The lateral imaging elements may provide a side view (e.g., offset from the visual axis of the primary endoscopic imaging element by an angle of about 30 degrees to about 90 degrees), and/or a rear view (e.g., offset from the visual axis of the primary endoscopic imaging element by an angle of about 180 degrees), and/or a front/forward view (e.g., co-linear or parallel with the visual axis of the primary endoscopic imaging element), and/or a rear/reverse view (e.g., directly opposite or 180 degrees from the visual axis of the primary endoscopic imaging element). The top-facing imaging element may provide a field of view having a visual axis perpendicular to the visual axis of the forward-facing imaging element and the visual axis of the lateral imaging element (if present) of the endoscope, and may also provide a side view and a back view. That is, in the x-y-z coordinate system (FIG. 16A), the visual axis of the forward imaging elements of the endoscope can be parallel to the x-axis (or at an angle less than 90 degrees thereto), the visual axis of the lateral imaging elements can be parallel to the z-axis (or at an angle less than 90 degrees thereto), and the visual axis of the top imaging elements can be parallel to the y-axis (or at an angle less than 90 degrees thereto). In some variations, the position of the lateral imaging element may not be collinear or aligned with the position of the forward imaging element (i.e., the position of the forward imaging element may have a different y-axis value than the lateral imaging element, or the lateral imaging element may be positioned above the forward imaging element). In other variations, the positions of the forward and lateral imaging elements may be aligned or collinear such that they form a line parallel to the z-axis (i.e., have the same y-axis value). Arranging the forward and lateral imaging members in this configuration may facilitate stitching of images obtained by the forward and lateral imaging members.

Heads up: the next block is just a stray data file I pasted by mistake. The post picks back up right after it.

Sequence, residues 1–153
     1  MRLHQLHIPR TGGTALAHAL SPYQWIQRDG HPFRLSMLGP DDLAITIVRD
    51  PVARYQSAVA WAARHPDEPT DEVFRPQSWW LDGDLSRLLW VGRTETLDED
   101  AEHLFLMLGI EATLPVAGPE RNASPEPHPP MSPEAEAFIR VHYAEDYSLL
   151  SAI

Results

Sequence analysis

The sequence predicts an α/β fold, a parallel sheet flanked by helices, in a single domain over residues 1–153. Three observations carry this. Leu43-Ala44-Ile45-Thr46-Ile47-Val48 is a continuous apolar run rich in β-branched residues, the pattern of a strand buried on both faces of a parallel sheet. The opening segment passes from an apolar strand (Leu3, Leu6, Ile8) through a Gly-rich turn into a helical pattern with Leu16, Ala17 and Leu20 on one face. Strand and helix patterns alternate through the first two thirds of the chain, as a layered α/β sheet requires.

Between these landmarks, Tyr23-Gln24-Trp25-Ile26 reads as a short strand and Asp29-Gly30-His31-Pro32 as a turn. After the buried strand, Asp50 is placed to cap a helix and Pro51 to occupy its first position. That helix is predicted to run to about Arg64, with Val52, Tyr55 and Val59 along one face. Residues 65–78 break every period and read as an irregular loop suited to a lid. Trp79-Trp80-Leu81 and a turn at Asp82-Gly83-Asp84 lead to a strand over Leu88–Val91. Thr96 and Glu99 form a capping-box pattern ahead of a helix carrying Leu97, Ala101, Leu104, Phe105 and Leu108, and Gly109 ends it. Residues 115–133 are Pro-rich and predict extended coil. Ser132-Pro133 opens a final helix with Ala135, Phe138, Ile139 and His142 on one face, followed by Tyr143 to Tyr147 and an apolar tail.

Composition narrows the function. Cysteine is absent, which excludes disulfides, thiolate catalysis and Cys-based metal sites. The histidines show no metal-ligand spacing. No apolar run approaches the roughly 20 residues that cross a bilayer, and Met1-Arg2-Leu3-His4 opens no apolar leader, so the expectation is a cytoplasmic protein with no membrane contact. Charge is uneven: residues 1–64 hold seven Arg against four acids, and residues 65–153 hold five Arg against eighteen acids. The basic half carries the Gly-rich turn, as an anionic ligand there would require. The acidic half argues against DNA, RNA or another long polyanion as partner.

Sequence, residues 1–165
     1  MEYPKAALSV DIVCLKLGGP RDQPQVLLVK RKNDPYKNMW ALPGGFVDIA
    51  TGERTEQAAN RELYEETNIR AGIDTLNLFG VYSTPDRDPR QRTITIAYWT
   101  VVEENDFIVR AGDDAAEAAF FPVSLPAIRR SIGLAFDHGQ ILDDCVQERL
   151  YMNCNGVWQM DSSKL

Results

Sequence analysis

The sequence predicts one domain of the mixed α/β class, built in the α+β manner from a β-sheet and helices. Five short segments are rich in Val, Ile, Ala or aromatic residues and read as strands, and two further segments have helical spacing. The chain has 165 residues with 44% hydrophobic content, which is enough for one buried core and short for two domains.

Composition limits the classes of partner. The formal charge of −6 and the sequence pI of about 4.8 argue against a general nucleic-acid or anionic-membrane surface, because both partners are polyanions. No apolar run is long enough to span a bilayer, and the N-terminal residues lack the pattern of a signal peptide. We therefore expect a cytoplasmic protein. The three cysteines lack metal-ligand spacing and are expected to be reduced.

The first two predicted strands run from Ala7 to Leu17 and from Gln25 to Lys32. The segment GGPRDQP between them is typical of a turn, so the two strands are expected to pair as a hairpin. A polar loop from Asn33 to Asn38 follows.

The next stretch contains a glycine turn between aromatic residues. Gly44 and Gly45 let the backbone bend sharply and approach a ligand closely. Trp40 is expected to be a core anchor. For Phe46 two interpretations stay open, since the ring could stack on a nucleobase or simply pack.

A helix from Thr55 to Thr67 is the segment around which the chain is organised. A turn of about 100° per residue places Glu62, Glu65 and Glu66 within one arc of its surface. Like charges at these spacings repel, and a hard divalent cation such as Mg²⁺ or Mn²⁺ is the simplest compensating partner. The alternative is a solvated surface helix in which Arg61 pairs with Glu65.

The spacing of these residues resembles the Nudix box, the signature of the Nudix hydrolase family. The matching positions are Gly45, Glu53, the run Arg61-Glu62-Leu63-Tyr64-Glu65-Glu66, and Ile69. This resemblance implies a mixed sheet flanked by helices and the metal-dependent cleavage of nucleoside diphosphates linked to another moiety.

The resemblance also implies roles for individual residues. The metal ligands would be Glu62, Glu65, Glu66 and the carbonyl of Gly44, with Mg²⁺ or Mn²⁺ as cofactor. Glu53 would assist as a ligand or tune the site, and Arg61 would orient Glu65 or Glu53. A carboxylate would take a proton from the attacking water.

The endoscope attachment member of the secondary imaging endoscopic device may include a sleeve having a distal lip configured to engage a distal edge of the endoscope such that the sleeve remains securely attached to the endoscope during use. Additionally or alternatively, the sleeve may include a proximal ridge or protrusion that may engage a sidewall of the endoscope to retain the secondary imaging endoscopic device on the endoscope. In some variations, the sleeve of the secondary imaging endoscopic device may be attached to the endoscope by friction fit, threaded fit, compression fit, or the like. 15A-15G depict various releasable endoscopic attachment members that may be used with any of the secondary imaging endoscopic devices described herein. An imaging module and/or a fluid delivery module is schematically represented by module 1500, which may have any of the form factors described in detail below. The imaging module and the fluid delivery module may be integrally formed, or may be separate components that are coupled (permanently or releasably) together. Module 1500 may represent an imaging module only, a fluid delivery module only, or a combination of an imaging module and a fluid delivery module. In some variations, the additional secondary imaging endoscopic device may include a releasable endoscopic attachment member, such as a clip, band, or strap, configured to attach the secondary imaging endoscopic device to the distal portion of the endoscope (e.g., by friction fit, threaded fit, compression fit, etc.), while in other variations, the imaging module and/or fluid delivery module may include an attachment member on its housing without the use of a clip, band, or strap. In some variations, the clip, strap, strip, or sleeve may be made at least partially of an elastomeric material such as silicone or latex. As depicted in fig. 15A, the strip 1501 can have a protrusion 1502 or bead (e.g., a bead string) configured to interfit with a receiving portion 1503 (e.g., one or more notches, grooves, ridges, recesses, etc.) positioned on the module 1500. For example, the strap attachment mechanism may be similar to a ratchet/ratcheted mechanism of a cable or zipper tie (zip tie). As depicted in fig. 15E, the module 1500 can include one or more receptacles or notches 1530 in different locations such that the protrusions 1531 or beads engage (e.g., snap fit) with different receptacles so as to allow for securing the attachment member to endoscopes of various sizes. In yet another variation, an additional secondary imaging endoscopic device may include a strip 1505 having one or more magnetic components 1506 (e.g., rare earth magnets) attached to magnetic material 1507 positioned on module 1500. Such magnetic attachment may secure band 1505 around the endoscope and/or may be used to attach module 1500 to band 1505. The endoscope attachment member or imaging and/or fluid delivery module may also include a viscous portion or region having increased friction along the endoscope contact surface. Examples may include various glues, adhesive coatings or films (e.g., double-sided tape), rubber or silicon-based materials, and the like. For example, fig. 15G depicts a module 1500 having a region 1510 that can include adhesive or any of the high-friction materials described above without a tape or clip. Alternatively or additionally, the endoscope attachment member or the endoscope contacting surface of the imaging and/or fluid delivery module may further comprise one or more micro suction cups. Fig. 15F depicts a module 1500 having a plurality of micro-suction cups without a strap or clamp. In some variations, the endoscope attachment member may provide releasable attachment to the endoscope by a compression fit mechanism. FIG. 15C depicts one example of an endoscope attachment member, which can include a semi-circular ring 1520, or a clamp with hinged arms 1521, or a clamp that clamps the ring or clamp around the endoscope when engaged with a locking mechanism 1522 (e.g., a flip-type locking mechanism including a lip 1523 on the hinged arms and a recess 1524 on the opposite segment of the ring). Alternatively or additionally, the releasable endoscope attachment member may include a (e.g., annular or semi-circular) balloon 1525 that is tightened against the endoscope when the balloon is inflated, as schematically depicted in FIG. 15D. A kit may be provided wherein the secondary imaging endoscopic device includes an imaging module, a fluid delivery module, and a plurality of endoscopic attachment members configured to be releasably attached to the imaging module and/or the fluid delivery module. The endoscope attachment members can each be sized and shaped for attachment to endoscopes having a variety of sizes, shapes, materials, and the like. Once a particular attachment member has been selected for a particular endoscope, the imaging module and/or fluid delivery module may be attached to the attachment member (e.g., by snap fit, screw fit, etc.) and mounted on the endoscope. Such a kit may enable a physician to tailor the attachment and/or fit of the secondary imaging endoscopic device to the particular endoscope of his choice. In other variations, the imaging mechanisms described herein (e.g., the side imaging elements and the light source) can be integrated in the distal end of the endoscope, thereby eliminating the need for a separate add-on device.